Of course, violence is not the answer; no one suggests it is, and LCHPAC strongly condemns both violent language and physical violence, neither of which have a place in civil society. Language does matter, and that’s why the majority council should have initiated a thoughtful discussion on how to respond to threatening language in social media. Mark Fitzgerald, Angie Settell, Pam Gross, and Steve Zamagias, had a great point, but instead of seeking solutions, they chose to silence any debate on this critically important topic. Their actions speak loudly that their intent was not to seek solutions to conflict but to create more conflict by silencing voices, and many residents were waiting to be heard and acknowledged at the 6/27 meeting.

This missed opportunity represents a monumental failure by our elected, majority council to actually lead. And this failure suggests that they had other reasons to avoid the meeting. 

The Real 6/27 Agenda: Avoid Resident Scrutiny at All Cost

Mark Fitzgerald, Angie Settell, Pam Gross, and Steve Zamagias staged a walk out, in their best attempt at defiant political theater, to deflect resident focus away from a growing list of conflicts of interest and questionable development deals that Loveland Community Heartbeat (LCHPAC) stakeholders and other Loveland residents are exposing. For example, Todd Osborne uncovered a Fitzgerald appointment to the Board of Trustees on Loveland’s Community Improvement Corporation (CIC) that violates CIC regulations (see “Let’s Connect Some Dots: A follow up to Todd Osborne’s statement to council on 6/13/17).

Look to the Hanging Agenda

On this note, residents might want to take another look at the 6/27 agenda to see what items are left hanging in the wind. Here is just one (of two) to watch for on the 7/11 City Council Meeting agenda.

See Item 9.B An ordinance to raise the city manager’s discretionary spending limit to $50,000.

(You need a little back story to fully understand the significance of this item. Remember Rob Stansel? LCHPAC wrote this blog to expose Dave Kennedy’s illegal contract, “Who’s Rob Stansel? The Guy Awarded an Illegal Contract in Loveland, Ohio.”)

Well, this ordinance would get Stansel paid by raising the city manager’s discretionary spending limit (per individual) from $15k to $50k!

Do the math.

We will pay city manager Dave Kennedy $107k + benefits this year, and on top of that, Mark Fitzgerald and his majority want us to pay Stansel up to $50k. Is this typical for municipalities our size? We don’t think so. It’s upon our majority council to demonstrate completion of a comparative analysis.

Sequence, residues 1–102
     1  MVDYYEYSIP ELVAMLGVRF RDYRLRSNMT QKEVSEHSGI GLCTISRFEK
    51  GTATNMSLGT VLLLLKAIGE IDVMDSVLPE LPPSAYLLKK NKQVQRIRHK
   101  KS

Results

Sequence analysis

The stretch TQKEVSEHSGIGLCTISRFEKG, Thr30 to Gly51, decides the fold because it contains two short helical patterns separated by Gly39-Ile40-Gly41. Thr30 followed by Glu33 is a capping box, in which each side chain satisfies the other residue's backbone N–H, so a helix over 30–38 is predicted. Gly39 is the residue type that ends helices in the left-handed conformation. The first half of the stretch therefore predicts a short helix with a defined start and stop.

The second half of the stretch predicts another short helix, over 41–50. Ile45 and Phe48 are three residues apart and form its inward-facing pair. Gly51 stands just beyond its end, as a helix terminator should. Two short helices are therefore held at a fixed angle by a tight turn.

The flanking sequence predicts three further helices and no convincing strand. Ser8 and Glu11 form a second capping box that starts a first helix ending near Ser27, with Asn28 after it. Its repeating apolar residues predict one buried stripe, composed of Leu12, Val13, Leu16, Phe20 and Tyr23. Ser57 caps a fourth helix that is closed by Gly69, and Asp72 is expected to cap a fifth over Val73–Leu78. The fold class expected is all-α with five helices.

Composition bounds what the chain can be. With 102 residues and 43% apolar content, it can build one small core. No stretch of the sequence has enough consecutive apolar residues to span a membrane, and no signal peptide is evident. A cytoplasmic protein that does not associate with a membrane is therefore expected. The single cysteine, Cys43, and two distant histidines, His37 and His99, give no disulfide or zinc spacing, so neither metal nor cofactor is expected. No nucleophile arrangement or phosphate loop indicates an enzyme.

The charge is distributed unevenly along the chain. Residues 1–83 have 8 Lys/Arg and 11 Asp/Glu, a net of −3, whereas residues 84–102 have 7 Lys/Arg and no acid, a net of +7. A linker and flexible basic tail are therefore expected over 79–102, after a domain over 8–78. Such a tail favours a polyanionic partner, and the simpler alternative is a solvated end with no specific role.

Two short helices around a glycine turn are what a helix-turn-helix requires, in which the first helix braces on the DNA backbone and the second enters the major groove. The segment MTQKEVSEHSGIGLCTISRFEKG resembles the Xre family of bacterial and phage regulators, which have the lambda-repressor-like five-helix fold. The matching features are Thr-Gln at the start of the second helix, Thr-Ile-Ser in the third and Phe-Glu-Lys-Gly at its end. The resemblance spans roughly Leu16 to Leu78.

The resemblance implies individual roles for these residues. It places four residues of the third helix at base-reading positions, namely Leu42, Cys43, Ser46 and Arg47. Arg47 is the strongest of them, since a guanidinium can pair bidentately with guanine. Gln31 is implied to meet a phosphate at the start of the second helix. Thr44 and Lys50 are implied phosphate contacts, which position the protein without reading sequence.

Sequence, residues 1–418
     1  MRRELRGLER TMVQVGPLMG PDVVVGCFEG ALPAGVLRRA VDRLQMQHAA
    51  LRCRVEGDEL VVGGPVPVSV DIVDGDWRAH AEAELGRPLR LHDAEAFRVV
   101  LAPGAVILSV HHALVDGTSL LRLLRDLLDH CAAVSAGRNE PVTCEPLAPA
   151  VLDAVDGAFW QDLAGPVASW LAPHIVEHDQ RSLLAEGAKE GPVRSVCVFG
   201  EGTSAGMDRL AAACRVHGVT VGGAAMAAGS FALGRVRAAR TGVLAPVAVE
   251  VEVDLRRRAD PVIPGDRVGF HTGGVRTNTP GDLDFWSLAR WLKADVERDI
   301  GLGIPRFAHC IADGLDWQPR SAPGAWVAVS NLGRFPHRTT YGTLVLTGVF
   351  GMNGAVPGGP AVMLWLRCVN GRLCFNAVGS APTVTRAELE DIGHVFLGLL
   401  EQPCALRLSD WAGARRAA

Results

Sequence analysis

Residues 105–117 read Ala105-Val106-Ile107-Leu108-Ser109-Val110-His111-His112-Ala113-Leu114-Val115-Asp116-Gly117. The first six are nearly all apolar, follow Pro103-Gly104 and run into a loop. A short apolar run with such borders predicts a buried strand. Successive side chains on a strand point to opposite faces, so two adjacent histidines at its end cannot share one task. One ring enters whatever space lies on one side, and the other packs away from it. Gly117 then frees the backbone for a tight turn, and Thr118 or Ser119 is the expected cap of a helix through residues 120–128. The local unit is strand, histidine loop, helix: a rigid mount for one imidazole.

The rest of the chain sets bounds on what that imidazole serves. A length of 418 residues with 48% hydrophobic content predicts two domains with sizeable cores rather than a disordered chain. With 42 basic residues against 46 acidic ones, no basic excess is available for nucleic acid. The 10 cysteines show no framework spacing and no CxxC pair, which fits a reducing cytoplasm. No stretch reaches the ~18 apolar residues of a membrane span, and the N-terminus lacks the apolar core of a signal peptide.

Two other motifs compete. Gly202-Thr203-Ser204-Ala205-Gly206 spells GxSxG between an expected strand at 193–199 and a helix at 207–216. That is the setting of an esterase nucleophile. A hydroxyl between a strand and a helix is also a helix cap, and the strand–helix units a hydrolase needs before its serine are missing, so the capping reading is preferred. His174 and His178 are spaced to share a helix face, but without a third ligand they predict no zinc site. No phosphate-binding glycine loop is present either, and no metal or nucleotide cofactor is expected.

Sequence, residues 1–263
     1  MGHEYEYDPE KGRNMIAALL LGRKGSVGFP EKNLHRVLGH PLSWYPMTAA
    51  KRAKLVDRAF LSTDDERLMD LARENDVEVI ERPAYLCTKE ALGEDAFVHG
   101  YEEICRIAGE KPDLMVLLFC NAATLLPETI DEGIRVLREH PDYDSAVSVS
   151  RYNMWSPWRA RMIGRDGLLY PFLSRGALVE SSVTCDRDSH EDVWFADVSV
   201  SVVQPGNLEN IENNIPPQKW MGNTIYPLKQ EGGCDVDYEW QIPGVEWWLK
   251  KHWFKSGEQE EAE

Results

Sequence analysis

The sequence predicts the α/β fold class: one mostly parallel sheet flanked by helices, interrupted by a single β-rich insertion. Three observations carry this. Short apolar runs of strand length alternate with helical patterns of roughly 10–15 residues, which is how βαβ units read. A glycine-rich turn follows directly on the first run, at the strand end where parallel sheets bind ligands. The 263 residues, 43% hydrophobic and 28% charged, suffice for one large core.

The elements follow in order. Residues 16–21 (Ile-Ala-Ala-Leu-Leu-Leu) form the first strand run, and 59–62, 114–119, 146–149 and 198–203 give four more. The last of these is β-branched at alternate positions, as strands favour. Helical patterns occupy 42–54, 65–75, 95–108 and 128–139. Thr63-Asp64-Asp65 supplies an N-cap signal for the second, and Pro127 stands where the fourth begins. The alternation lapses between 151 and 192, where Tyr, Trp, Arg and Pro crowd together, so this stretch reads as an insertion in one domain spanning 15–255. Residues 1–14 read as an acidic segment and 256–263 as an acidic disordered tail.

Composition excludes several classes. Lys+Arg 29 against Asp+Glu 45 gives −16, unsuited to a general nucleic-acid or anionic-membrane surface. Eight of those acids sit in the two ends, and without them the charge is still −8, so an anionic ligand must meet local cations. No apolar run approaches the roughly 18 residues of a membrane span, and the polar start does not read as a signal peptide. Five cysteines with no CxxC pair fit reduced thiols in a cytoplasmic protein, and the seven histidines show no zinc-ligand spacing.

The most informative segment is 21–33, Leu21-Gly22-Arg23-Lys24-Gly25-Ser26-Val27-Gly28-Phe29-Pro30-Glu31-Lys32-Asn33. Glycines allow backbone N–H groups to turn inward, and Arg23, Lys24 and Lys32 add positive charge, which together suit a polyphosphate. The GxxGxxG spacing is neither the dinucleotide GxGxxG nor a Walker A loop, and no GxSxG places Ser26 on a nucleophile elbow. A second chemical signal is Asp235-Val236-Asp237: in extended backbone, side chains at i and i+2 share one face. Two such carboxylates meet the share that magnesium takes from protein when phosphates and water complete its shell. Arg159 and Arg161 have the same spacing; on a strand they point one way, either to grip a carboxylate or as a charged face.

And since all of this political maneuvering surrounds the employment of just one person, here’s an interesting tidbit: Karl Weidner and Rob Stansel have a professional history together

Check it out here or just do a simple Google Search for “Property Development Associates Loveland.”

Okay, so Mark Fitzgerald brought a seasoned pair of development and real estate specialists to Loveland. No big deal right? Until we start looking at possible conflicts of interest, like that we found with Weidner and son (See “Let’s Connect Some Dots.”)

Is it possible that Stansel’s employment with the city and his relationship to Weidner on the CIC has created conflicts of interest that Dave Kennedy, Mark Fitzgerald, and Pam Gross as the Vice President of the CIC, have ignored?

All of these questions wait for Mark Fitzgerald and his majority to pass this $50K ordinance.

06.29.17

Let’s Connect Some Dots: A follow up to Todd Osborne’s statement to council on 6/13/17

by Halie S. Rebeccaschild

Do Mark Fitzgerald’s appointments to the Community Improvement Corporation (CIC) need to comply with CIC regulations? Yes, it does. It’s a good thing that Loveland resident and past council member, Todd Osborne, has been paying attention. Given the high-dollar stakes around land transfers, TIFS, bonds, and everything else the independent “economic arm” of our city does, we need to check into Todd’s claims to ensure the CIC also meets the interest of residents.

On 6/13/17 Todd made some critical statements to City Council regarding CIC trustees and possible violations of CIC regulations and conflicts of interest. He did this without naming any names, and residents of the Butterworth Glen neighborhood have been asking me for more details. So I had to do some research myself to ensure the claims were correct before speaking or posting about it.

The following is a step-by-step verification process of Todd’s research for residents to follow. Now, it is up to Mark Fitzgerald to explain non-compliance. Want to better understand what Todd Osborne has found? Follow along.

1. First, confirm the regulations of the Loveland Community Improvement Corporation (CIC) regarding trustee qualifications.